AGO Opinion 81151

November 3, 1981
Opinion 81151

Senator Martin F. Kahle
District 37
State Capitol Building
Lincoln, Nebraska 68509

Dear Mr. Kahle:

This letter is in response to your correspondence regarding the authority of the State Electrical Division over property leased from the federal government. Specifically, you wish to know whether inspectors from the State Electrical Division may inspect buildings on property such as a "marina or campsite . . . operated by a private individual [on] land . . . owned by the federal government and leased to the individual by the Corps of Engineers."

Neb.Rev. Stat. §81-594 (Reissue 1976) sets out the types of installations subject to inspections by the State Electrical Division. These include "all electrical
installations in commercial or industrial buildings, including
installations both inside and outside of the buildings, buildings designated for public use, and any installations at
the request of the owner ... "Commercial installations"
are defined by regulation to include, among other things, "(1) installations intended for commerce, . . . (4) recreational vehicle parks." State Electrical Division, Rule No. 15.

A marina or campsite would come within the definition of "commercial installations" and would be subject to inspection by the State Electrical Division. At issue here is whether the fact that such a marina or campsite is owned by the federal government and leased to private individuals would remove it from state jurisdiction.

The Property Clause of the United States Constitution
provides that "Congress shall have Power to dispose of and make all needful Rules and Regulations respecting the Territory or other Property belonging to the United States."
Article IV, Section 3, Clause 2. The United States Supreme
Court has held that the Property Clause, "in broad terms,
gives Congress the power to determine what are "needful" rules
"respecting" the public lands ' It]he power over the
public land thus entrusted to Congress is without limitations.'" Kleppe v. New Mexico, 426 U.S. 529, 539 (1976), rehearing denied, 429 U.S. 873 (1976).

The Federal Government does not assert exclusive jurisdiction over the public lands in New Mexico, and the State is free to enforce its criminal and civil laws on those lands. But where those state laws conflict with the Wild Free-Roaming Horses and Burros Act, or with other legislation passed pursuant to the Property Clause, the law is clear: the state laws must recede.

426 U.S. at 543. See also, United States v. Brown, 431 F.Supp. 56 (D.Minn. 1976), aff'd. 552 F.2d 817 (Sth Cir.), cert denied, 431U.S. 949 (1977).

The court in Texas Oil and Gas Corp. v. Phillips Petroleum Co., 277 F.Supp. 366 (W.D. Okla. 1967), aff'd, 406 F.2d 1303 (10th Cir. 1969), cert denied 396 U.S. 829 (1969), held, "State law and the State police power [extend] over the federal public domain unless and until Congress has determined to deal exclusively with the subject." 277 F.Supp. at 369.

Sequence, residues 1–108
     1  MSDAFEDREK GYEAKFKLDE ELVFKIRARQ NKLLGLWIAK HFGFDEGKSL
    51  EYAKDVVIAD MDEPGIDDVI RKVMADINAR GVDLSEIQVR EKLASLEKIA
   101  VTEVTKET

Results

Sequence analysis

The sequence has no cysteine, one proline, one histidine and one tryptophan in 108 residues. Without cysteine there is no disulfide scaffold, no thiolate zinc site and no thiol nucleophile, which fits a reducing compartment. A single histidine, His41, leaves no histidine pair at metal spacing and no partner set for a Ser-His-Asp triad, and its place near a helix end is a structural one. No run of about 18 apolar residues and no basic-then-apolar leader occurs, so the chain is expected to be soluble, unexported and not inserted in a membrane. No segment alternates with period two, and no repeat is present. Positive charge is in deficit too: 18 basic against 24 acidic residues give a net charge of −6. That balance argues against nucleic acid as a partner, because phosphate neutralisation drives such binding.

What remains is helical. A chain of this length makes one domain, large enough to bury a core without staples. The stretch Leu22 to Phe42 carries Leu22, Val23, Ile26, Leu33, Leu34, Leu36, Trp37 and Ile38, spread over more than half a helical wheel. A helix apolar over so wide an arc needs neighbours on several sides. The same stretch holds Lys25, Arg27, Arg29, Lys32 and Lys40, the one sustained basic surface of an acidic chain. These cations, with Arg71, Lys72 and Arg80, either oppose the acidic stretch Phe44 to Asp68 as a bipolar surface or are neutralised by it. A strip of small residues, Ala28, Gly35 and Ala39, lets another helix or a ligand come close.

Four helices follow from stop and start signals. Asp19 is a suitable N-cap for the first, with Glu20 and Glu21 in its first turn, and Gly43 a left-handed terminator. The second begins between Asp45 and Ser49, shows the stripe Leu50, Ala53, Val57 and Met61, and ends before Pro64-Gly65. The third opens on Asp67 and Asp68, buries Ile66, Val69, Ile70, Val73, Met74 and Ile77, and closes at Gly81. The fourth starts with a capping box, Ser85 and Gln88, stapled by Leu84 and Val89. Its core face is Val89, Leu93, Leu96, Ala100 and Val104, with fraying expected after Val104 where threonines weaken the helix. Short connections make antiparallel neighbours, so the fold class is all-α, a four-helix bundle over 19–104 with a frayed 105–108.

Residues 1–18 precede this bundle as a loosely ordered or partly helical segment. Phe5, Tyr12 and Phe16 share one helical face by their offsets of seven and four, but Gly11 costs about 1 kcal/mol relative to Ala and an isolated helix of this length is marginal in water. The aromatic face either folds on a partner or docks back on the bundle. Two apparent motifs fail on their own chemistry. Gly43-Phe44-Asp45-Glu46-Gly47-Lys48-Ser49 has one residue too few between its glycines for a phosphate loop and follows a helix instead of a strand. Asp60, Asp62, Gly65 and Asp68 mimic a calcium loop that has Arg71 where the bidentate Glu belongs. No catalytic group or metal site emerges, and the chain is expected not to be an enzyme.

State ex rel. Andrus v. Click, 97 Idaho 791, 554 P.2d 969 (1976), held that "[w]here Congress has exercised its legislative prerogative, conflicting state laws must fall by reason of the Supremacy Clause .... Absent congressional action, however, the state retains jurisdiction over federal lands within its territory." 554 P.2d at 973. In other words, "[t]he police power of the state extends over federal public domain, at least when there is no legislation by Congress on the subject." Id. That decision also set out key factors to determine if Congress has preempted state regulations in a certain field.

It is our opinion that the State Electrical Division would have authority to inspect electrical installations in commercial, industrial and public use buildings located on land leased from the federal government in the absence of any federal legislation which would directly address the same situation and thus supercede the state law.

The federal statute dealing with public park and recreation facilities at Corps of Engineers water resource development projects is 16 U.S.C. §460 d. It states, in part, The Chief of Engineers, under the supervision of the Secretary of the Army, is authorized to construct, maintain, and operate public park and. recreational facilities at water resource development projects under the control of the Department of the Army, to permit the construction of such facilities by local interests (particularly those to be operated and maintained by such interests), and to permit the maintenance and operation of such facilities by local interests. The Secretary of the Army is also authorized to grant leases of lands, including structures or facilities thereon, at water resource development projects for such periods, and upon such terms and for such purposes as he may deem reasonable in the public interest.

There is no language in the statute which forbids state electrical inspections of such facilities leased out by the Corps of Engineers.

Based on this statute, we are of the opinion that legislation is not necessary to grant the State Electrical Division authority to make the inspections to which you refer. However, you would need to examine any regulations promulgated by the Corps of Engineers pursuant to this statute to determine whether the federal government has preempted this area.

Sincerely yours,

Attorney General

Dale D. Brodkey
Assistant Attorney General